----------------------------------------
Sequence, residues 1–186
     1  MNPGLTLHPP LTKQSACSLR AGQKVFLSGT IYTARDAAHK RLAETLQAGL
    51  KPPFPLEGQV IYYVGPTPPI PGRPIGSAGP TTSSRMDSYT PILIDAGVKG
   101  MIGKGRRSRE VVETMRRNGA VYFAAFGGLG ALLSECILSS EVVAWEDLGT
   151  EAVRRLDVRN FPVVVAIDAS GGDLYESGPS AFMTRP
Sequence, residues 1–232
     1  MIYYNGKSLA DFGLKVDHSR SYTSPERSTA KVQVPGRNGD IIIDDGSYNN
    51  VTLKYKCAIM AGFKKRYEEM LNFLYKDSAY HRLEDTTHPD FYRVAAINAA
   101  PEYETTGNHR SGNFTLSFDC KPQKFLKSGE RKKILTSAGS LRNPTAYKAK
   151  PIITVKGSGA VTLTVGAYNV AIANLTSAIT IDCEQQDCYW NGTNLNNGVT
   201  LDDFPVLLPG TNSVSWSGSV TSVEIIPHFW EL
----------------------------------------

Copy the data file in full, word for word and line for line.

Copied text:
Sequence, residues 1–186
     1  MNPGLTLHPP LTKQSACSLR AGQKVFLSGT IYTARDAAHK RLAETLQAGL
    51  KPPFPLEGQV IYYVGPTPPI PGRPIGSAGP TTSSRMDSYT PILIDAGVKG
   101  MIGKGRRSRE VVETMRRNGA VYFAAFGGLG ALLSECILSS EVVAWEDLGT
   151  EAVRRLDVRN FPVVVAIDAS GGDLYESGPS AFMTRP
Sequence, residues 1–232
     1  MIYYNGKSLA DFGLKVDHSR SYTSPERSTA KVQVPGRNGD IIIDDGSYNN
    51  VTLKYKCAIM AGFKKRYEEM LNFLYKDSAY HRLEDTTHPD FYRVAAINAA
   101  PEYETTGNHR SGNFTLSFDC KPQKFLKSGE RKKILTSAGS LRNPTAYKAK
   151  PIITVKGSGA VTLTVGAYNV AIANLTSAIT IDCEQQDCYW NGTNLNNGVT
   201  LDDFPVLLPG TNSVSWSGSV TSVEIIPHFW EL